Like most enthusiastic new foremen, Mondragon said that he used to push his crew as much as possible. While he argued that pushing workers to put out benefited workers most, it was also clear that his position (and paycheck) depended on their performance:

When you're just starting out, it's very important that your crew works fast and does clean work. It's what they call a "quality pack." The field supervisor lets you know all the time that your


job is to push the crew. They always say that the better your crew does, the better you do.

For the remaining three-and-one-half years of his tenure at Miracle, Mondragon was paid a salary and offered bonuses or incentives of as much as $100 a week if his crew's productivity (cartons per hour) or quality of pack surpassed specific criteria. But, longer range incentives were also offered, such as promises of promotion to assistant field supervisor or higher pay and better benefits.

These incentives meant a lot to the foremen, especially to those who aspired to a status and a position that clearly distinguished them from ordinary field hands:

My dream was to drive around in a carro blanco [white company car] in a leather jacket and nice pants and to spend my day just ripping open cartons of lettuce and checking them out. You know, checking to see they're packed right and that the heads are good. I'll tell you, that's a feeling of power when you can tell some foreman that he better shape up.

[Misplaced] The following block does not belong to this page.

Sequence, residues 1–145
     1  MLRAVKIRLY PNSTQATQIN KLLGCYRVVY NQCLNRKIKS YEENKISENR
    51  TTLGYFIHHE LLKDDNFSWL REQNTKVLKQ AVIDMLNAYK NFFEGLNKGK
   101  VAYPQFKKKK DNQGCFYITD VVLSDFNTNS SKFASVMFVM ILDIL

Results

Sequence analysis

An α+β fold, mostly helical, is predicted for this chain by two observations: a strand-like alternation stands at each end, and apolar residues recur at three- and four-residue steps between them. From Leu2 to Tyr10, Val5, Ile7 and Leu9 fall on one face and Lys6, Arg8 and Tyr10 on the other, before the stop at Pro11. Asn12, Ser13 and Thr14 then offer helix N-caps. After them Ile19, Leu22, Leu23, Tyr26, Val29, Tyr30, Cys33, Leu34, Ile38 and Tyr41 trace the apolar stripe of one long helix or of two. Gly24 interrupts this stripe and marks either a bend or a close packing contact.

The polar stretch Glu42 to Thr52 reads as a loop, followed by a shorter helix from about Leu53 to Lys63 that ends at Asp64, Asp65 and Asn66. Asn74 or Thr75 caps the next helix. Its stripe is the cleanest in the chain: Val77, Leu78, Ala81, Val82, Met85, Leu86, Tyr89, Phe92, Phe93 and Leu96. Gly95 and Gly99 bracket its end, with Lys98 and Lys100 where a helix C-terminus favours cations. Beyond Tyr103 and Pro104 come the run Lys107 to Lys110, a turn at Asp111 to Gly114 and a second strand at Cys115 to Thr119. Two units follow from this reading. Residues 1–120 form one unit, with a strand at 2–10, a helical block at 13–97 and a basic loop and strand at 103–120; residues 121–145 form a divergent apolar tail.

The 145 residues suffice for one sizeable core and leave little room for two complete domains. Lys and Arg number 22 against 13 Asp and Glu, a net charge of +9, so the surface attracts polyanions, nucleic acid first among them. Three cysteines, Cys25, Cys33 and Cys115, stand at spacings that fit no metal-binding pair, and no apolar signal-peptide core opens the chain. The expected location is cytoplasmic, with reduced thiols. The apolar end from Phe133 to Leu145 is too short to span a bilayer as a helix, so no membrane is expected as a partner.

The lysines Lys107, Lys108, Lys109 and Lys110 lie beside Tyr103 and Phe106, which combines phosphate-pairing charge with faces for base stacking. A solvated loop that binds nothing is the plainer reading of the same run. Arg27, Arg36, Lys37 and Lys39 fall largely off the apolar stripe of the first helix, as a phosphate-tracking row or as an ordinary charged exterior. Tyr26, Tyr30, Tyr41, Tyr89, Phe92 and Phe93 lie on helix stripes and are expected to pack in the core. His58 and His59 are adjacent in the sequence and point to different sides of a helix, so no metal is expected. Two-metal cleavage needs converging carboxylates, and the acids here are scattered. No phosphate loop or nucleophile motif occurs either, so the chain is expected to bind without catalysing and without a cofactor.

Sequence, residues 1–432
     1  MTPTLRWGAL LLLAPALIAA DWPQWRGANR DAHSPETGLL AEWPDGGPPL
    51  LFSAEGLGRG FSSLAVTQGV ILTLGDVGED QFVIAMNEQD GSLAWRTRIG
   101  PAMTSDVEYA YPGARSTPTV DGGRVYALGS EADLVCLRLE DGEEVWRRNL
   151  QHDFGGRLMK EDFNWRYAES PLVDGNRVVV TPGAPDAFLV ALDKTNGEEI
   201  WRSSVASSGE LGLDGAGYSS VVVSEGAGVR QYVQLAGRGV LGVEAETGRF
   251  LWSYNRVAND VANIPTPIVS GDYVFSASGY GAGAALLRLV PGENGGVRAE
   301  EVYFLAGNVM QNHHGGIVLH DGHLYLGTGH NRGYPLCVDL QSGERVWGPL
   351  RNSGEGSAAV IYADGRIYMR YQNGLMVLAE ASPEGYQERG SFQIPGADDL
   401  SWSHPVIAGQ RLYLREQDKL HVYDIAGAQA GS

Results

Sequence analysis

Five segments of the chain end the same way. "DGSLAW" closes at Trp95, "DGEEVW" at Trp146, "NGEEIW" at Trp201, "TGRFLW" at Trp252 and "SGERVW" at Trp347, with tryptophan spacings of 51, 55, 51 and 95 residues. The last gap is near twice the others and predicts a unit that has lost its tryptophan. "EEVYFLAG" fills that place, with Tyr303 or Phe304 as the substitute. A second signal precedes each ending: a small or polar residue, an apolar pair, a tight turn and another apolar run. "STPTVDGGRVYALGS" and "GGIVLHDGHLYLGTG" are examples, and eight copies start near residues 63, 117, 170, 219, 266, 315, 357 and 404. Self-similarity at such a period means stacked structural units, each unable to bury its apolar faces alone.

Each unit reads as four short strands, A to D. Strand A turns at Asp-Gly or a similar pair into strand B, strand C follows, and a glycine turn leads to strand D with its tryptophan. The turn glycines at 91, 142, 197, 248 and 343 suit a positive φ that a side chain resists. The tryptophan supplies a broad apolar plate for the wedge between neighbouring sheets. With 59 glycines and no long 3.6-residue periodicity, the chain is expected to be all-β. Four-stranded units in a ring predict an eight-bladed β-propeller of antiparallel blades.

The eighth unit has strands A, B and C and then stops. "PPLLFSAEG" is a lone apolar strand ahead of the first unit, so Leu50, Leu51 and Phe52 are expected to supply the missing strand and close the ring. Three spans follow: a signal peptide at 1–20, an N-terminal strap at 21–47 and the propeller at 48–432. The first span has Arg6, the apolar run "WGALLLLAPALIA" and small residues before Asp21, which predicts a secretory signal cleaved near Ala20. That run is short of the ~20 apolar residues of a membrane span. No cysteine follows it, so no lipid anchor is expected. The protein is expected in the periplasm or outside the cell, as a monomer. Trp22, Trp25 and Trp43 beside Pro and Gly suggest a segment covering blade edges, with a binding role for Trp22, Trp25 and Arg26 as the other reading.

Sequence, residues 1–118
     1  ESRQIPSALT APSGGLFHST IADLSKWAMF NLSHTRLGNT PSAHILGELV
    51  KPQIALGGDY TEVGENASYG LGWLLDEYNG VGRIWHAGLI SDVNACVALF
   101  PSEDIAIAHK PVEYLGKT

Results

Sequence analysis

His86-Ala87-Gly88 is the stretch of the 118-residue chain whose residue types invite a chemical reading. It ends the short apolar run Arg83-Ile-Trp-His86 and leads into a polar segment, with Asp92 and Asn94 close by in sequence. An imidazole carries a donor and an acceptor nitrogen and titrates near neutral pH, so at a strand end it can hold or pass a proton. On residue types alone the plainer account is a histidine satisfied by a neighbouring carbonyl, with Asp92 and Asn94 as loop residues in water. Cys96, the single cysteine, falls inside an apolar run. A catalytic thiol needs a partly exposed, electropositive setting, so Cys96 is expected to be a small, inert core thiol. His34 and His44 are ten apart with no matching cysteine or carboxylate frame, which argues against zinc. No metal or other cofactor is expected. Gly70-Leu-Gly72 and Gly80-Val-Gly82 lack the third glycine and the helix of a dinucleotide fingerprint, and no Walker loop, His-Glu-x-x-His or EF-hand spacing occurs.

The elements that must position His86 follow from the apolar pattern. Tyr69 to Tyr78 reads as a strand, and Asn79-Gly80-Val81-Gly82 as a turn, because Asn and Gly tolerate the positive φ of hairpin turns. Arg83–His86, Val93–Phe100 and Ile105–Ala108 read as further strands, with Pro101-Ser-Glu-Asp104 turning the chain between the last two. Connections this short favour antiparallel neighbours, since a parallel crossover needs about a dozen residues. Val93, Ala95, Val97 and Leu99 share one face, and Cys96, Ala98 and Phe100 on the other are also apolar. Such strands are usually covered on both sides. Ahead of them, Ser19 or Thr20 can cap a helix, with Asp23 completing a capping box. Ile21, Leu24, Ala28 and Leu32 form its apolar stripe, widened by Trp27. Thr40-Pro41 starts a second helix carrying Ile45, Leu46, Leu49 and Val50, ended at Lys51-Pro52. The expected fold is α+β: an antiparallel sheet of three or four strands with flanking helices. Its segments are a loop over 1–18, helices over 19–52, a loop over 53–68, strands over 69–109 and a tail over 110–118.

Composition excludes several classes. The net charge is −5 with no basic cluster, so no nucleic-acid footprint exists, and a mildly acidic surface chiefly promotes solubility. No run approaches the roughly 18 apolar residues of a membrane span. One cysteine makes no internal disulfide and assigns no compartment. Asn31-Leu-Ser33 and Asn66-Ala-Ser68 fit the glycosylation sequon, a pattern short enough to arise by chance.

Aspirations, thus fueled by incentives and promises, get translated into strategies on the part of foremen to squeeze the maximum effort out of their crews. It is in this nexus that the foreman's role as labor contractor, described earlier, comes into full play. When I questioned Mondragon about the "tricks" he might use to spur his crew on, he replied:

There aren't any tricks. What there is are ways to do things. Lechugeros may not have much education, but they aren't dumb. So you can't trick them. What you have to have are ways to reward and to punish.

Rewards and punishments can be applied to individuals or to the crew as a unit. They become a way in which foremen can create indebtedness among individual crew members, for example, by grants of leave for trips to see family, hiring of crew members' friends, or forgiveness for unexcused absences. When I overslept on two separate occasions, the foreman of my crew, Don Pablo, chided me for missing work and